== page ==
The Amazigh (Berber) cuisine is considered as a traditional cuisine which evolved little in the course of time.
Berber cuisine differs from one area to another within North Africa. Thus, it is not easy to speak about a typically Berber cuisine. A classification is essential, in order to emphasize the specificities of each Berber group. Zayanes of the region of Khénifra around the Middle Atlas have a cuisine of a remarkable simplicity. It is based primarily on corn, barley, ewe's milk, goat cheese, butter, honey, meat, and game. Popular authentic Berber dishes of Tunisian, Moroccan, Algerian, and Libyan cuisine include Tajine, Couscous, Shakshouka, Pastilla, Msemen, Merguez, Asida, Lablabi, Harissa, Makroudh, Harira, Sfenj, Ahriche and many more.
Foods and dishes
Berber foods and dishes include:
- Bouchiar (fine wafer without yeast soaked with butter and natural honey)
- Bourjeje (pancake made containing flour, of eggs, yeast and salt)
- Bread made with traditional yeast
- Couscous, a dish enjoyed worldwide
- Mechoui or lamb barbecue - a whole sheep roasted in artisanal ovens, designed especially for this use. The sheep is coated with natural butter, which makes it tastier. This dish is mainly designed to be served at festivities.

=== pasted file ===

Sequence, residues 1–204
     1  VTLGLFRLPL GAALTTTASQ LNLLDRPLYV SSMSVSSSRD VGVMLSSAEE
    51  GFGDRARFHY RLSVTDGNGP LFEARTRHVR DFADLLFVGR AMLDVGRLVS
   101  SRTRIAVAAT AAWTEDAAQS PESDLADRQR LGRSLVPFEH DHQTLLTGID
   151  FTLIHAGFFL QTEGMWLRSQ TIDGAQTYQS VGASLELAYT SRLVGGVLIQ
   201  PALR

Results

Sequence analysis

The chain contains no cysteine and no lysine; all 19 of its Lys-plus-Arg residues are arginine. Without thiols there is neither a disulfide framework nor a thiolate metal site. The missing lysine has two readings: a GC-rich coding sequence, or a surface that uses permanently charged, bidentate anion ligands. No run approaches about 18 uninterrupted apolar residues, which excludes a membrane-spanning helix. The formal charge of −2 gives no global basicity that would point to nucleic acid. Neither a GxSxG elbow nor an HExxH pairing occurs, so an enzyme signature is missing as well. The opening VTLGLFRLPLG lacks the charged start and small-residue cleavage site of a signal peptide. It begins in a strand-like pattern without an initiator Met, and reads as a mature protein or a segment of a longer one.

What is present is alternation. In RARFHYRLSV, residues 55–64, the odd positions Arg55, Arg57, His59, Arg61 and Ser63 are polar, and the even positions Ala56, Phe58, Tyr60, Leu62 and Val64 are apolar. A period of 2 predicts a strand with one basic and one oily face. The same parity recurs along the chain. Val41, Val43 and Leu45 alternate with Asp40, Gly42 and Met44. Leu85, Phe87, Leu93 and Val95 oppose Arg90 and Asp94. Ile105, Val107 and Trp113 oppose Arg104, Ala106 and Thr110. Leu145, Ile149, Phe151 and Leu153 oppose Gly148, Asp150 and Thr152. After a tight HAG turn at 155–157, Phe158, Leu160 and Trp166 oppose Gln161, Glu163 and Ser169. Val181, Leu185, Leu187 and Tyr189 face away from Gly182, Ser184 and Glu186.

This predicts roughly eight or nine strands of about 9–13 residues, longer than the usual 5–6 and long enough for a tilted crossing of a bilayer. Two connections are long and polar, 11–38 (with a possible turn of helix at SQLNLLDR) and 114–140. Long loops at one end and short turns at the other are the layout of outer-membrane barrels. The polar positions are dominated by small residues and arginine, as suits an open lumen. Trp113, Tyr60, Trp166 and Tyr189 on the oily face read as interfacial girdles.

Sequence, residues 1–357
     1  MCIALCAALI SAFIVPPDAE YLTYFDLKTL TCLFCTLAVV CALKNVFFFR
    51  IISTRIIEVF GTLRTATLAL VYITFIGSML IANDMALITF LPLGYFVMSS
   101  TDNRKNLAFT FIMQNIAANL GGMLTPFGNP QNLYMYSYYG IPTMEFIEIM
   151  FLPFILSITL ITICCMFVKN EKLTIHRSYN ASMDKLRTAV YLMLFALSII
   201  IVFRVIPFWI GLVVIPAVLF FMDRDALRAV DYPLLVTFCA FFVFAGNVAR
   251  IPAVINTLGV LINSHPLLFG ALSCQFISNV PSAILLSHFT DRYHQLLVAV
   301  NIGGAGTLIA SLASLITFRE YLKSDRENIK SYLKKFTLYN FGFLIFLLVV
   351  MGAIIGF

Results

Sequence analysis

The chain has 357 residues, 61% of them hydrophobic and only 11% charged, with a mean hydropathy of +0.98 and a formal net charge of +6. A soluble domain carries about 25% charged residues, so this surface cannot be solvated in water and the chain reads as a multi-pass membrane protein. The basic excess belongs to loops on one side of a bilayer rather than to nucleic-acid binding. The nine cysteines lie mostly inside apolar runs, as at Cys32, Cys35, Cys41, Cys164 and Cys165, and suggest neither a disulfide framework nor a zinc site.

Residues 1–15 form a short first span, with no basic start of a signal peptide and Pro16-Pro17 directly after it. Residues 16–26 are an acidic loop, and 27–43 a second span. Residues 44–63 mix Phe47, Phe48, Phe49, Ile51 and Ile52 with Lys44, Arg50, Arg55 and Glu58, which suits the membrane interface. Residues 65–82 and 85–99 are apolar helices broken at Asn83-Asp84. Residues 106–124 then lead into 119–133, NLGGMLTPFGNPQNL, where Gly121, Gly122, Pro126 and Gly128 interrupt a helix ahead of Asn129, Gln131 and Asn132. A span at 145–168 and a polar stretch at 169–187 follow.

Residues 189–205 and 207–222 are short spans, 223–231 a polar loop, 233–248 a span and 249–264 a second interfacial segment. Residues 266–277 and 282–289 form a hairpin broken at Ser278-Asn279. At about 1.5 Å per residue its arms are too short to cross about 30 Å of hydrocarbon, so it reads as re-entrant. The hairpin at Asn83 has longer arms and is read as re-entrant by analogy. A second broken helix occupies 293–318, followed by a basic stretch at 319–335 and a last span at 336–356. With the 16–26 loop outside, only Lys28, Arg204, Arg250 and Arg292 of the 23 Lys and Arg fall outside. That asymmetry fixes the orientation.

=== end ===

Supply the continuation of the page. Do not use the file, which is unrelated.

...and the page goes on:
- Pastilla – (Berber: Besṭila)
- Tajine, a very diversified dish, made in various forms:
- Tahricht (containing offal: brain, tripe, lung, heart: these ingredients are rolled up with the intestines on a stick of oak and cooked on embers.)
Although they are the original inhabitants of North Africa, Berbers lived in very contained communities and in spite of various incursions by Phoenicians, Romans, Byzantines, Arabs, Ottomans and French. Having been subject to limited external influences, these populations lived free from factors making for acculturation.
Couscous and Tajine are the principal dishes for special feasts, celebrations, etc.
Much of the content of this article comes from French-language Wikipedia article, accessed July 31, 2006.
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